Directed by Sergey Shcherbak
Starring Alexander Ladyka, Angelina Belous, Vadim Griger, Vitalina Lozovskaya
Short Film Review by Owen Herman
Short films, due to no pressure for box office success, are often much more complex and creative than theatrical films. They can reflect personal beliefs of the directors and some try to make a powerful statement. At their best, these more elaborate shorts can be unique works of art that make you think and feel in ways you didn’t expect, at their worst, they can be pretentious, forceful, or misguided. The Image, a Ukrainian film by director Sergey Shcherbak, sits somewhere in the middle. It is certainly complex and well crafted, but it is also a difficult short that lacks accessibility.
The Image looks at a disturbed man, who is seemingly haunted by an image from his TV and confused by his feelings towards his friends. It is dark, twisted, mature, and deals with heavy themes. The Image is hard to fit into one, or even two, genres, with its story playing out like a drama, with themes of a psychological thriller, and some elements of a horror. These different styles blend together well, creating an unsettling, but not confused, tone.
There is less a focus on dialogue and more focus on music and sound, which is used intelligently to get into the main character’s disturbing and mysterious thoughts. It reminded me of Paul Thomas Anderson’s use of music in Punch-Drunk Love, where the chaotic sounds help give you a feel for what’s going on in Adam Sandler’s muddled mind.
The real highlight of the short is the cinematography and visual style. There are some well-executed shots that are very memorable and the colour palette is terrific. The film appears almost entirely in dull colours, mostly black, grey, and white, with flashes of red being the only exception. This really brings out the red, making every inclusion both stunning and packed with meaning.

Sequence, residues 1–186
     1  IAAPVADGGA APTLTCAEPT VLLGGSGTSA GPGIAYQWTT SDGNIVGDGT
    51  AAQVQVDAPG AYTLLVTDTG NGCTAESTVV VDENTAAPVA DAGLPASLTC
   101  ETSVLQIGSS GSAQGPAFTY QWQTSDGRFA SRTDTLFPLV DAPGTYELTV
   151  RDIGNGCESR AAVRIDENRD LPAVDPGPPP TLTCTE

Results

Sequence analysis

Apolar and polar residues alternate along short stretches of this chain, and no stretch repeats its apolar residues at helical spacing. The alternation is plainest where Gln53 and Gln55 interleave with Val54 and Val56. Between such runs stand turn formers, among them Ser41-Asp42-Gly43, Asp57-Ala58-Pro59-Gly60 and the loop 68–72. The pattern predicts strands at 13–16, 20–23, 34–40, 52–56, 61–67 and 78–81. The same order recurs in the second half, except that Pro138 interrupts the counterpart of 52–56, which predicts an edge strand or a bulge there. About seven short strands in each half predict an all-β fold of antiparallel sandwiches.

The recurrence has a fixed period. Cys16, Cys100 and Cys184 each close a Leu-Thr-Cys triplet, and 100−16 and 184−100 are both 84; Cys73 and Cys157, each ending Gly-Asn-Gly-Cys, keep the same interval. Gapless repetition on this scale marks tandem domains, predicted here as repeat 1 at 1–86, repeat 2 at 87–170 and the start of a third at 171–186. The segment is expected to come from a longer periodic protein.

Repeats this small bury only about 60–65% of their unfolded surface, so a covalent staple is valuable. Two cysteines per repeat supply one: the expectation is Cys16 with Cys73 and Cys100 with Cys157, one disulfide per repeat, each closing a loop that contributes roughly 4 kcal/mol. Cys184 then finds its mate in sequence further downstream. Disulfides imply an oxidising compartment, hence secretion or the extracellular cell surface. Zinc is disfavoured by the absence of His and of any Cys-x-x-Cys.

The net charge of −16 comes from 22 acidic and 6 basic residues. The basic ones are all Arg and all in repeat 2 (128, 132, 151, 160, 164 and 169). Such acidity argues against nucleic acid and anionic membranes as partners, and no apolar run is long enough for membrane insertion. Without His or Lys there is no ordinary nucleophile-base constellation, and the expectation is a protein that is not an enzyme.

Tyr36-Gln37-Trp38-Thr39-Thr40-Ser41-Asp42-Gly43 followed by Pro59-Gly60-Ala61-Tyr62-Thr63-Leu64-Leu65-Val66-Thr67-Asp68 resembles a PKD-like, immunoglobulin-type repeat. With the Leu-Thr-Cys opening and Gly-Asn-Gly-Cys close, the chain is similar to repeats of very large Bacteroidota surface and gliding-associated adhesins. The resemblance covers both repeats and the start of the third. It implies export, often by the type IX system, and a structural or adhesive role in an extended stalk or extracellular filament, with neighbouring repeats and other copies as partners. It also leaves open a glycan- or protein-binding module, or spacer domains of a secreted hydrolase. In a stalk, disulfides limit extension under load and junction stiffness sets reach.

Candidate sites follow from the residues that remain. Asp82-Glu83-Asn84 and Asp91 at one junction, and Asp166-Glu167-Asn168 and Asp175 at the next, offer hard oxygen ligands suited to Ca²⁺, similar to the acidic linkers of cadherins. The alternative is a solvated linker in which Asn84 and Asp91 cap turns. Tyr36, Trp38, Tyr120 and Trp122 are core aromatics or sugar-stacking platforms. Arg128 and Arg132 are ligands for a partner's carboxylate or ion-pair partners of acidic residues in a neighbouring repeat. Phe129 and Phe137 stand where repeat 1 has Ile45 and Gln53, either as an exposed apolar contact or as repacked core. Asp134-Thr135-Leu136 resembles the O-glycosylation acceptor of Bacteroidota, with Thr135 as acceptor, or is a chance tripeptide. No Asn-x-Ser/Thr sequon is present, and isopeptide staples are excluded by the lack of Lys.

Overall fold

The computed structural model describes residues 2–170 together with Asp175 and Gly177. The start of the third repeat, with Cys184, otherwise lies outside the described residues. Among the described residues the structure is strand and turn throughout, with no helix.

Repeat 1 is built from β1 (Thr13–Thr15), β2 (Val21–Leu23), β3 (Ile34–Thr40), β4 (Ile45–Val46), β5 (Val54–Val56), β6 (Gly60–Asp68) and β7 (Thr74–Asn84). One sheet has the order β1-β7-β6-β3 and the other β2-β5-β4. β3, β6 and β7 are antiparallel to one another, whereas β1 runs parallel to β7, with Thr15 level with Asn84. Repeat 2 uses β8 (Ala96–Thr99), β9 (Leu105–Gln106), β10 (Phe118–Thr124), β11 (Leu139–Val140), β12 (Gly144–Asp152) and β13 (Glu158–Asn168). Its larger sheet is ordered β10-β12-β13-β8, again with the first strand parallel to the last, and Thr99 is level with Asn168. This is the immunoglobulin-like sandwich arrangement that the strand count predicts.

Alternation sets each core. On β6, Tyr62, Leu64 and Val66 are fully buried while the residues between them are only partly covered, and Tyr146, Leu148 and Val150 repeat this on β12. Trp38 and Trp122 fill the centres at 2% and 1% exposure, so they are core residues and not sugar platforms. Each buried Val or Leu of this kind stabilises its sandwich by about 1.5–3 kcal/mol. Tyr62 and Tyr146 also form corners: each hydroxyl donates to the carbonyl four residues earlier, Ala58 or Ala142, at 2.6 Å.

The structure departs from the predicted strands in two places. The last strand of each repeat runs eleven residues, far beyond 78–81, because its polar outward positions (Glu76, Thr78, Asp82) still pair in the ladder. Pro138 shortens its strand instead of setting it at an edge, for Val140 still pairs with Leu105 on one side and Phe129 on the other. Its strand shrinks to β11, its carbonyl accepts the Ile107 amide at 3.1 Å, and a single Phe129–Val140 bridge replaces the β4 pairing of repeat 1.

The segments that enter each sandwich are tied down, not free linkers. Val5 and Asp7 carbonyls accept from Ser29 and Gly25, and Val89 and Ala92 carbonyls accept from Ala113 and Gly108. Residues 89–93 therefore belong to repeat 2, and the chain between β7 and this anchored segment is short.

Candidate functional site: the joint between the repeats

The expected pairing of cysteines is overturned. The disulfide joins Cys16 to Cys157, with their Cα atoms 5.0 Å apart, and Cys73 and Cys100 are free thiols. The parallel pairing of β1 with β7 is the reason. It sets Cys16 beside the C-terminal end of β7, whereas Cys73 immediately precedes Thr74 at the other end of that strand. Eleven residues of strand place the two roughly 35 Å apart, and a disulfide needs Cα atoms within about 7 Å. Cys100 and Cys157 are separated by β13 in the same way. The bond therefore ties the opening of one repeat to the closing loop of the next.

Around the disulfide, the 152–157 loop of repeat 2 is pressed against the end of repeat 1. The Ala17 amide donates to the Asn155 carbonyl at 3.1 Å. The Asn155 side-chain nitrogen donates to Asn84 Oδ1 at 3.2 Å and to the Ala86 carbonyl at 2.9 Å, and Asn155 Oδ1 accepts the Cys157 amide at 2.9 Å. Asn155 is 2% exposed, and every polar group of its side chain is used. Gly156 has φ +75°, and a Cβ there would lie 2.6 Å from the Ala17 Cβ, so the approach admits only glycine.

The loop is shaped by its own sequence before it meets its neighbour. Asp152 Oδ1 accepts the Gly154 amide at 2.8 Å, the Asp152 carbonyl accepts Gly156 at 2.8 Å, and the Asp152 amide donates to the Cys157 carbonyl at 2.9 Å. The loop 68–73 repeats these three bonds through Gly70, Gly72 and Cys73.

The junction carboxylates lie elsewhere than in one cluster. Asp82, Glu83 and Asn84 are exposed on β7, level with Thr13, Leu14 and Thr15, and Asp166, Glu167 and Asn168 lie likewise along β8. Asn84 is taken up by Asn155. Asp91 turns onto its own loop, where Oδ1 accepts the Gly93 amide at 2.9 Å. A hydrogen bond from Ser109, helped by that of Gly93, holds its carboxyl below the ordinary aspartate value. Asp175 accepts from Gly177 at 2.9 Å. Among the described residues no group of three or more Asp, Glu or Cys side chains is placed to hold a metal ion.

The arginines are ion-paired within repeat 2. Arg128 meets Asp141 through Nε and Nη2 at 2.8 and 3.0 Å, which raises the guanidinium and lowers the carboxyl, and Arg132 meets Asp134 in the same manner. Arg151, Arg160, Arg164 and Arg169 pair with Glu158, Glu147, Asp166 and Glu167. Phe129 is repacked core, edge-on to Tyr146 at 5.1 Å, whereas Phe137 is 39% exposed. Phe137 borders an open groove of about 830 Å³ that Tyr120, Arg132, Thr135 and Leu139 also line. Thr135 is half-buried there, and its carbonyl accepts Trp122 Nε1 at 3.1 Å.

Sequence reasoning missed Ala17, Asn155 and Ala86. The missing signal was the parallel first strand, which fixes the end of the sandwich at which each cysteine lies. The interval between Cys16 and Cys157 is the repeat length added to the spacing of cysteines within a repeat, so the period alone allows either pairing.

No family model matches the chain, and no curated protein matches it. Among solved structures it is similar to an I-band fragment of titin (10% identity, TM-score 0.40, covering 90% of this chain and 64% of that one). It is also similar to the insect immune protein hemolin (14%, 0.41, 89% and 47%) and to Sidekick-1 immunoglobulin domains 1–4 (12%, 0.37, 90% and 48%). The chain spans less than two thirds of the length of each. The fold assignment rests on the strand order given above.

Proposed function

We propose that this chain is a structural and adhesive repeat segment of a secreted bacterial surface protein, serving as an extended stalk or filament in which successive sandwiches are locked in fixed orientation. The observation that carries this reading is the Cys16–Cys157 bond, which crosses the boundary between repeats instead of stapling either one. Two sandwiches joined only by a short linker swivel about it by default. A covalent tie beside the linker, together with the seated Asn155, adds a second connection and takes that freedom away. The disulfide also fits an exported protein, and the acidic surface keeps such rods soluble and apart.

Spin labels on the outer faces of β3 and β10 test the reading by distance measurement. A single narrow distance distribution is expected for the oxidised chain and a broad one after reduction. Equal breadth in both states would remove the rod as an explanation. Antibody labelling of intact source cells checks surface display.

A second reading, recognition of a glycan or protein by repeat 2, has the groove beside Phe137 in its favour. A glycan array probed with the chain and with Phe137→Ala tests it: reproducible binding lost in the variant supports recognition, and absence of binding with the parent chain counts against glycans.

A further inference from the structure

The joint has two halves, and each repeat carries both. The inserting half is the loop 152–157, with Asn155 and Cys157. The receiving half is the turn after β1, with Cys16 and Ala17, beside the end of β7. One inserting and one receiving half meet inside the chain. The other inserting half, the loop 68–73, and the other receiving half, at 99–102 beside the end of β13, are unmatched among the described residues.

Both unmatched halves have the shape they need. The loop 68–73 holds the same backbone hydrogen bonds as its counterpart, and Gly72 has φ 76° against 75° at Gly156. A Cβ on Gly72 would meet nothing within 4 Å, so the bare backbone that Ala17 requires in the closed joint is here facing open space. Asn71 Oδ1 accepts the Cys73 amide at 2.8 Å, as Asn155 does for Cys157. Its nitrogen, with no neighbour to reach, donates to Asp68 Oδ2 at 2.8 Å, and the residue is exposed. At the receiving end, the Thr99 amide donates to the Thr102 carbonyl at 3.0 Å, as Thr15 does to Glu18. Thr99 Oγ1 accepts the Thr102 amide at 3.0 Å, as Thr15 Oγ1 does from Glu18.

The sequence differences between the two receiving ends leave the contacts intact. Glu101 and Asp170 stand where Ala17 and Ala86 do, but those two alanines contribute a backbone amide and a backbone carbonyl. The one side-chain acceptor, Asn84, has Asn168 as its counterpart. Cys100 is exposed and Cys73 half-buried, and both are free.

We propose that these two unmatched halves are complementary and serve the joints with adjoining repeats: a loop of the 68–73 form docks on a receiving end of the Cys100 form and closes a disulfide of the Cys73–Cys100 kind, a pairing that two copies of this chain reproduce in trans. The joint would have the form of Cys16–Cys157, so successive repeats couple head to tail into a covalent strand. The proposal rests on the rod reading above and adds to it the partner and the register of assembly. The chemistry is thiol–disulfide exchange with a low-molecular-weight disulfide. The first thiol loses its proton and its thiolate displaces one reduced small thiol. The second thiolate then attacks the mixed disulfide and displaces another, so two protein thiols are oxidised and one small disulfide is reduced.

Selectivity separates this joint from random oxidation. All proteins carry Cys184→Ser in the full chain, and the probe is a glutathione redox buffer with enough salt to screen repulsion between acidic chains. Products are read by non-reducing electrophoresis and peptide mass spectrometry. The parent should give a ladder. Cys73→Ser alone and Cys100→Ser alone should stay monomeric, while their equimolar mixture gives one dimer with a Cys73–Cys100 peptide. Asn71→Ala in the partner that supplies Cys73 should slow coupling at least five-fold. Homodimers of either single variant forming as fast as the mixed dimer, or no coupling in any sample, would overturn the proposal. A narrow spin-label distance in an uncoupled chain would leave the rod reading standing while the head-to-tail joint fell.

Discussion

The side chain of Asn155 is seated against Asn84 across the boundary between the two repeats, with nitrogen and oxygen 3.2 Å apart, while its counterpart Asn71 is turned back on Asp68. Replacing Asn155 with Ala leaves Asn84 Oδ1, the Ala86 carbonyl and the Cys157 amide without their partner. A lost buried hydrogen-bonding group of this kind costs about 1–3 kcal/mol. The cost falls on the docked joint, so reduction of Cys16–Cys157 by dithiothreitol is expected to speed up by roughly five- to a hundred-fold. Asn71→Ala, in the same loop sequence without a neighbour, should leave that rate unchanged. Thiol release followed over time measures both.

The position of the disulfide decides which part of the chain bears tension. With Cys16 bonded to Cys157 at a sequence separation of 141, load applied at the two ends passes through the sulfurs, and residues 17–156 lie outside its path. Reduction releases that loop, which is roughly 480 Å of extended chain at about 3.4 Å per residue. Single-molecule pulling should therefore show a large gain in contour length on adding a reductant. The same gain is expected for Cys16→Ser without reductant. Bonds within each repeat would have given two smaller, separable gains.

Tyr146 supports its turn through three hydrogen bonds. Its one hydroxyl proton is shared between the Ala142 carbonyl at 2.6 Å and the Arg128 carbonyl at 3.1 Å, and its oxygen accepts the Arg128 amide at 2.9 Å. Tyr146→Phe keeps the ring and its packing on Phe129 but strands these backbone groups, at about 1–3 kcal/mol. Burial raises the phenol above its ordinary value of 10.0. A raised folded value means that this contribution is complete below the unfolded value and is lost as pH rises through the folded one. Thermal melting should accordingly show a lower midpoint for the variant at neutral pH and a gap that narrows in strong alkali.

The dialogue at times felt slightly weak and unrealistic but, due to my lack of any foreign language skills, I had to watch using subtitles so can’t say whether this problem was the script or just the unfortunate translation. As it is most likely the latter, this isn’t a problem with Shcherbak’s original short but I did notice it and it did take me out of the experience at times.
My main problem with The Image is, as mentioned earlier, its inaccessible and difficult nature. Although well-crafted, the short can be difficult to grasp, and its overall meaning remains unclear. Issues like this can depend mainly on the viewer, and I personally found it tough to interpret, but it is an issue nonetheless.
However, despite my confusion, The Image kept me engaged with its dark themes and visual flair. Like the titular image in the short, it is hard to comprehend but remains somewhat haunting.